It was a shattering of faith! It raised all kinds of questions about God and about their perceived place as the chosen people. It literally shook them to the core, and they would spend centuries sorting out what it all meant.

In the midst of their grief and bitterness over such a defeat, we have a body of literature within the Bible which can only be described as cursing. Many of the psalms are classified as cursing psalms. They lament the fall of Jerusalem, and they call for vengeance on those who perpetrated such cruelty.

Psalm 137 is perhaps the most familiar of such cursing psalms. Its opening lines are sublime in their heart-breaking beauty: By the rivers of Babylon—there we sat down and there we wept when we remembered Zion. The psalm goes on to describe their bitterness when their captors begged them to sing for us one of the songs of Zion! It was turning their grief into a minstrel show; it was turning something holy into entertainment! They just couldn’t do it. They would rather hang up their harps for good than to entertain their enemies with their sacred songs.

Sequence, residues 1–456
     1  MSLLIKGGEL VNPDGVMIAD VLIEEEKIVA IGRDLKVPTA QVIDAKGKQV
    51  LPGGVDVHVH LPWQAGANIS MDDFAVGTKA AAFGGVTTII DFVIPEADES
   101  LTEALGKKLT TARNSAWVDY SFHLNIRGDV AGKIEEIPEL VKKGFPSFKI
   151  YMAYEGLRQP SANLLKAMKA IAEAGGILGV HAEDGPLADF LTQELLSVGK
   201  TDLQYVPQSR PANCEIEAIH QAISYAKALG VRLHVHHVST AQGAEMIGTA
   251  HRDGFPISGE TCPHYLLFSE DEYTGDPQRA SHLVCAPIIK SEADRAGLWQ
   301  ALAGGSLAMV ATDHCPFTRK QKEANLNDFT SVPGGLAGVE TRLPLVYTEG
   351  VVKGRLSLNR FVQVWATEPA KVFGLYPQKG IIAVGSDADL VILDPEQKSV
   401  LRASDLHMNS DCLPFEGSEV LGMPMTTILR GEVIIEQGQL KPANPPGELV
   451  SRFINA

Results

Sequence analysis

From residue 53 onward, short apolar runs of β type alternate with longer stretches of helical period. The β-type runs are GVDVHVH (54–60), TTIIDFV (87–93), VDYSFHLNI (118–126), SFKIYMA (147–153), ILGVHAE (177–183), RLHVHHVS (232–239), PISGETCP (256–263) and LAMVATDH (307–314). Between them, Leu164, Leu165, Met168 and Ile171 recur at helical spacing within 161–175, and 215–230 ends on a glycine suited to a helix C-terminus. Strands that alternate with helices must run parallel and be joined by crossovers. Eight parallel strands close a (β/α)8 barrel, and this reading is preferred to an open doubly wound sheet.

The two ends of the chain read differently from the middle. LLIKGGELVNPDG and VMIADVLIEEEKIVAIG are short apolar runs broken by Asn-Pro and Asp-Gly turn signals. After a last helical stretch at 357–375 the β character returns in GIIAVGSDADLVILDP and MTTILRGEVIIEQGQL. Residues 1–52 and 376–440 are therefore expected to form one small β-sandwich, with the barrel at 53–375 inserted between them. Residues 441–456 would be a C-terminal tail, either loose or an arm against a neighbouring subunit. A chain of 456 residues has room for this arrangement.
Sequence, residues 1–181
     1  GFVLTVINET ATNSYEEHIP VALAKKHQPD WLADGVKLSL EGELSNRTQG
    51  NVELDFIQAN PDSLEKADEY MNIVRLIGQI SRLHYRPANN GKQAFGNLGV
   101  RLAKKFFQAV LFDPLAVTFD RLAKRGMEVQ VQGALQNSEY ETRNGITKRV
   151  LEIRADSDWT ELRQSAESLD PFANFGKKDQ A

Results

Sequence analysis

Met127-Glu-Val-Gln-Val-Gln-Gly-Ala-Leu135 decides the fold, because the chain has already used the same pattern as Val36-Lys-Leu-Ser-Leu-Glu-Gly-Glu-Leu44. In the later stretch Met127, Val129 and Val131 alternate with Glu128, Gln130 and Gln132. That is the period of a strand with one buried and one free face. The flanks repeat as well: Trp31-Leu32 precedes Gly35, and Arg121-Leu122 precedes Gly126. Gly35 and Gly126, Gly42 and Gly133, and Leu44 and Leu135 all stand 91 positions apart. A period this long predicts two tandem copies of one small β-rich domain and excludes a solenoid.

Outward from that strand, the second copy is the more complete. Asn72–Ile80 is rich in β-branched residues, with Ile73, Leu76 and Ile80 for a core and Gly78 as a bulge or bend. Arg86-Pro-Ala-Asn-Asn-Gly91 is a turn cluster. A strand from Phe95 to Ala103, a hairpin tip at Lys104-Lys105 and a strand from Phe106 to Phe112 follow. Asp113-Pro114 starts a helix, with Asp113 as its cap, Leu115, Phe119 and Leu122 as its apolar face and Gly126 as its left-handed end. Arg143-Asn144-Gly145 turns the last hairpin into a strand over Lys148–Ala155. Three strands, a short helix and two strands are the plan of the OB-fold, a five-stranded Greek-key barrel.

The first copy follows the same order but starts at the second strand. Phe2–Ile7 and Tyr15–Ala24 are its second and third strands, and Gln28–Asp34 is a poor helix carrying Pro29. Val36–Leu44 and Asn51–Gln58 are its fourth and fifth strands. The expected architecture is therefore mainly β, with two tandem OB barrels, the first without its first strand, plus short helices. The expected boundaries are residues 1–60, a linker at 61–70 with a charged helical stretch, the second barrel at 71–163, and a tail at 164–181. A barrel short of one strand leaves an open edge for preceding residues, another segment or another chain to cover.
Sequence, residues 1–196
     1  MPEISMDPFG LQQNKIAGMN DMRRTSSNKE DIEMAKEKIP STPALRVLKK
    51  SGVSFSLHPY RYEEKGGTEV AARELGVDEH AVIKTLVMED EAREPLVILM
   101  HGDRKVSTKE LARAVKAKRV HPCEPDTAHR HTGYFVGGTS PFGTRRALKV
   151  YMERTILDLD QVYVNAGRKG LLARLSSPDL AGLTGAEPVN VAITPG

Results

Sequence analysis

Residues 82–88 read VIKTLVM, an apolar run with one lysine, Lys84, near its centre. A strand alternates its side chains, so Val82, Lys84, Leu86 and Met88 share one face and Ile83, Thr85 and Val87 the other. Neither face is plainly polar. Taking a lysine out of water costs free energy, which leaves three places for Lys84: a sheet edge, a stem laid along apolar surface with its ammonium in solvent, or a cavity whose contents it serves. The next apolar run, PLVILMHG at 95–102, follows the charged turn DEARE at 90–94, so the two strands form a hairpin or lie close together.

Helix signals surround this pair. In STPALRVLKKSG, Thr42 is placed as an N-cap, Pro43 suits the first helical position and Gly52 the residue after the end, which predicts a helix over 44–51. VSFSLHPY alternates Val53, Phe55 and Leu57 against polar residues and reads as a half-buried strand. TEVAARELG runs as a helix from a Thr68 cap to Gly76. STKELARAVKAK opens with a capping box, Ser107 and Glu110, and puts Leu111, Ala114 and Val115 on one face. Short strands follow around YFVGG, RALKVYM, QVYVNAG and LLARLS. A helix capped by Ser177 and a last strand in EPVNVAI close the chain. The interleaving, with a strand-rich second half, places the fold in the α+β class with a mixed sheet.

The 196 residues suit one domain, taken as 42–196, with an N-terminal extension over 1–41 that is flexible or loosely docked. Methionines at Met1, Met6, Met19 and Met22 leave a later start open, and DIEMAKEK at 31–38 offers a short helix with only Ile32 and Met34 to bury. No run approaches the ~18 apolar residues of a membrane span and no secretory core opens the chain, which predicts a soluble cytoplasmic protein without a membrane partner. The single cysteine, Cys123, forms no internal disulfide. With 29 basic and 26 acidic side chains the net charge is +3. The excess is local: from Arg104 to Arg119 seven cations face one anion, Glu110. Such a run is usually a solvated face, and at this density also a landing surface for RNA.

By the end of the psalm the bitter rage rises to the surface. The author’s anger is directed first toward the land of Edom: Remember, O Lord, against the Edomites the day of Jerusalem’s fall, how they said “Tear it down! Tear it down! Down to its foundations! Edom was a neighbor, located just south of Jerusalem. The people of Edom sided with the Babylonians in destroying Jerusalem! The sense of betrayal the Israelites felt lasted for hundreds of years.

Then the writer’s seething hatred toward Babylon erupts. His fury is so great that he creates a back-handed curse in the form of a blessing on those who would wreak vengeance on Babylon by brutally killing their children, presumably the same way the Israelite children were killed.